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  #1  
Old 05-03-2024, 01:52 PM
Unsichtbaer Unsichtbaer is offline
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Join Date: May 2024
Posts: 9
Default German dude with L5/S1 DDD

Hi all,

I am a 38 years old male, father of two, married.

I've been struggling with chronic back pain for three years now. Long story short, I've been diagnosed with DDD L5/S1. I am in pain most of the times, however, it's hardly ever so bad that I need meds. It's a nagging, ever-present pain, which only rarely is debilitating, but ever-present.

While a neurosurgeon suggested fusion, I've been to Stenum, which is actually just a 30 minutes drive from my home, and they suggest ADR with m6-L.

I've been doing a lot of research, pros and cons. I've talked to patients of Stenum, most of which were very happy with their outcome, but also some who say they have not improved or even become worse.

I've seen that very terrifying blog at https://m6artificialdisc.wordpress.com, which makes me very uncomfortable about getting the ADR, and also a lot of bad talk about specifically Mr Ritter-Lang, who would be surgeon.

I am here to get your opinions and hope some of you share their experiences with either the m6-L, or even Stenum and Mr Ritter-Lang.
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  #2  
Old 05-03-2024, 02:21 PM
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Harrison Harrison is offline
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Question

Welcome, thanks for posting. Yes, years ago, there were serious problems with Stenum:

https://www.adrsupport.org/forums/forumdisplay.php?f=51

Not sure how or if they were resolved!

I hope we can help. You have many good options. How are your pain levels? How are you managing that?
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"Harrison" - info (at) adrsupport.org
Fell on my ***winter 2003, Canceled fusion April 6 2004
Reborn June 25th, 2004, L5-S1 ADR Charite in Boston
Founder & moderator of ADRSupport - 2004
Founder Arthroplasty Patient Foundation a 501(c)(3) - 2006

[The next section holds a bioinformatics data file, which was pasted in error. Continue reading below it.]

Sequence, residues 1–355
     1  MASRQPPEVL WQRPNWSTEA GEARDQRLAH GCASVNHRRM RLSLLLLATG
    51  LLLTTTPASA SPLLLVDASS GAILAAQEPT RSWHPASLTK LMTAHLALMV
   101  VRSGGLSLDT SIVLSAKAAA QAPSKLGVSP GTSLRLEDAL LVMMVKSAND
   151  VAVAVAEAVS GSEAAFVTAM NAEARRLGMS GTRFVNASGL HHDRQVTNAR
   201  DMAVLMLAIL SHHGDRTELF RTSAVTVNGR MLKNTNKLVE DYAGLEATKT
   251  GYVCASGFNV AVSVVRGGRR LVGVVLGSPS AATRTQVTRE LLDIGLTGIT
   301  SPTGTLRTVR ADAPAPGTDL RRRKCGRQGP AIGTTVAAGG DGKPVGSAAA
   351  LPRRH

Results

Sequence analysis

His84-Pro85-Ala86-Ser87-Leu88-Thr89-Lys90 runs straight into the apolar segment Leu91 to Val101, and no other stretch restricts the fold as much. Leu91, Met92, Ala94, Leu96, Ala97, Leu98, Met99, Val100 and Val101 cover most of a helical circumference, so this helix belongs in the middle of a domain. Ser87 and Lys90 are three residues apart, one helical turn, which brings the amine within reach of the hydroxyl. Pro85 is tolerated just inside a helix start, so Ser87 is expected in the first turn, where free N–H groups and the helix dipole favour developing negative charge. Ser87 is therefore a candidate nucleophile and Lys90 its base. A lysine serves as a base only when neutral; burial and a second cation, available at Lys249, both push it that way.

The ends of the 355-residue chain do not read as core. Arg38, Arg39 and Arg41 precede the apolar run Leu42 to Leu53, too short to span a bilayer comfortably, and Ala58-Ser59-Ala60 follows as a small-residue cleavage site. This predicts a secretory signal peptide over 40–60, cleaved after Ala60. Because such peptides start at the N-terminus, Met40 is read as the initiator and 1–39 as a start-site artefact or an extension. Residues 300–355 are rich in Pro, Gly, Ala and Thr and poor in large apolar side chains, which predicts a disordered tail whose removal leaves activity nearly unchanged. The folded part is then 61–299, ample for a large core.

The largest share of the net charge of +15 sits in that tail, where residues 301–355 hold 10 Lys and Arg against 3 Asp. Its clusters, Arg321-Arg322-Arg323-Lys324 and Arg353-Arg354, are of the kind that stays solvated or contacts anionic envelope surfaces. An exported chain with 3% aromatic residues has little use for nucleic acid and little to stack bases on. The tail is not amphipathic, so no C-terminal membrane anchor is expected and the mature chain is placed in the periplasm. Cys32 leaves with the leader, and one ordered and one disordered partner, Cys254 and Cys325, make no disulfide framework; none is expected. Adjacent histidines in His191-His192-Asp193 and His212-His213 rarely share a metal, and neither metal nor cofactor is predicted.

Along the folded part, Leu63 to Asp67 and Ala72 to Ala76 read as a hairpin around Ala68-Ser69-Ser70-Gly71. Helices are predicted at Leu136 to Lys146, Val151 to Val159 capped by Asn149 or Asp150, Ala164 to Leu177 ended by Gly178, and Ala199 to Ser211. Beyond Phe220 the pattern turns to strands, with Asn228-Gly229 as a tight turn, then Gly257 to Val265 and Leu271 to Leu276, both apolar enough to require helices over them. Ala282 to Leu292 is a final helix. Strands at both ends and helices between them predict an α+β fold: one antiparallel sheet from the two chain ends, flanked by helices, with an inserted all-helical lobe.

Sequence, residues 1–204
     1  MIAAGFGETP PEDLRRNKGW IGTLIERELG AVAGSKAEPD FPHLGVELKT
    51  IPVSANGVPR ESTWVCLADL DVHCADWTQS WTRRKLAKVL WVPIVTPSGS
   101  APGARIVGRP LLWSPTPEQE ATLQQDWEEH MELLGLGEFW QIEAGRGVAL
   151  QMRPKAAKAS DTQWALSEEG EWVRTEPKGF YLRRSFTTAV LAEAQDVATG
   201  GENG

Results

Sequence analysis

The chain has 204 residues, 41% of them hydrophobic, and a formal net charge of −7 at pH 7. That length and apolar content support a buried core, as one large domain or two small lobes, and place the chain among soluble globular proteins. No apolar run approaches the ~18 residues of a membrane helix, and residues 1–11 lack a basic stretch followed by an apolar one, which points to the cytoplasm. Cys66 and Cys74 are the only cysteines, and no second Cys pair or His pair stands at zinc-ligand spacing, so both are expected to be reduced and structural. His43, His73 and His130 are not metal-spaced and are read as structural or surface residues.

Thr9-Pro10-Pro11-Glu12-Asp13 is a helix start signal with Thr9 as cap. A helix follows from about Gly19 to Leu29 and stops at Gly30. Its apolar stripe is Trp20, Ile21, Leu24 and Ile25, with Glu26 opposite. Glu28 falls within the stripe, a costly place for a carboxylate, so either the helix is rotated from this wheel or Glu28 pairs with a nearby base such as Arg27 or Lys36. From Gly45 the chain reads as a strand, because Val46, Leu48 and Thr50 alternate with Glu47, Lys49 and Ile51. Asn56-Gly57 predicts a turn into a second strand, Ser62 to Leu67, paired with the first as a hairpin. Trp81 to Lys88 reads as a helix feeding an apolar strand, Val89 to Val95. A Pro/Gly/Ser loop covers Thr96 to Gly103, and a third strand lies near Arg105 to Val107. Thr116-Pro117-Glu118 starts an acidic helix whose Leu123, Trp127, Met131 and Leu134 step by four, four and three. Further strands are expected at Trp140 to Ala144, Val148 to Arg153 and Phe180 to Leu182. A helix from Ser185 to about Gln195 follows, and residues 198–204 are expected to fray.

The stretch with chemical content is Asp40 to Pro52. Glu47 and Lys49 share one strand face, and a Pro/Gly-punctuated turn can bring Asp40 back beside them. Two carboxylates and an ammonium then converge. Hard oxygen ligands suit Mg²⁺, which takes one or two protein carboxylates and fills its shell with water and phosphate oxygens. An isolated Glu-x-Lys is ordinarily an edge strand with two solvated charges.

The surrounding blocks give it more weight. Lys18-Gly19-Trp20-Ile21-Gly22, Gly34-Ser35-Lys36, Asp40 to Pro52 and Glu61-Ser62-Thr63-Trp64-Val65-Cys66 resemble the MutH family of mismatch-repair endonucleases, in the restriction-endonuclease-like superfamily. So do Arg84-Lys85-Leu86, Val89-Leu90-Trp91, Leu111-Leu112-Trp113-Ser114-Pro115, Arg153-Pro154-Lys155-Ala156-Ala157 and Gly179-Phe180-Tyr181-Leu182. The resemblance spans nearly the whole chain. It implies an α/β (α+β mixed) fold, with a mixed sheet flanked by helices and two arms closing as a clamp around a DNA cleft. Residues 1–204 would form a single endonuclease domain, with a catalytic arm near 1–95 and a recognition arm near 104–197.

Creator & producer, Why Am I Still Sick? - 2012
Donate www.arthropatient.org/about/donate
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  #3  
Old 05-03-2024, 02:30 PM
Unsichtbaer Unsichtbaer is offline
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Thank you so much for your quick response!

I am not really sure what you mean by pain levels. I can say that I have bad days and better days. It's like phases, and sometimes I can live it it and other times it makes me wish I could have surgery tomorrow.

When the pain gets very bad. I lay down, that helps me a lot. Luckily, laying gives me quick relief.

You're speaking about many good options - could you elaborate? As of now, I only see either ADR or fusion - both of which involve high risks.
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  #4  
Old 05-04-2024, 10:42 AM
annapurna annapurna is offline
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Not trying to second guess Rich AKA Harrison, but I suspect he meant that you have many other surgical clinics to choose from within your country. The proximity of Stenum shouldn't be the driving reason to work with them

As your pain level is currently controllable, I'll offer the advice I've given frequently: Take this time to investigate. Talk with more surgeons, take notes, do your own research once you have your notes from the conversations, then return to a few and ask the questions you wish you'd asked the first time. Get the surgeon you feel the most confidence in selected; even if you're not necessarily ready to get surgery at that moment, know what your plan is gives you security to delay until you're ready. Don't wait to begin your investigations as the pain might ramp up quickly, driving you to make decisions when you don't have time to think through them.
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Laura - L5S1 Charitee
C5/6 and 6/7 Prodisc C
Facet problems L4-S1
General joint hypermobility

Jim - C4/5, C5/6, L4/5 disk bulges and facet damage, L4/5 disk tears, currently using regenerative medicine to address

"There are many Annapurnas in the lives of men" Maurice Herzog
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  #5  
Old 05-04-2024, 01:00 PM
Unsichtbaer Unsichtbaer is offline
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Thank you very much, Annapurna.

Do you know where in this forum would be the best place to ask people who got an m6-l for their experiences?
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  #6  
Old 05-04-2024, 04:01 PM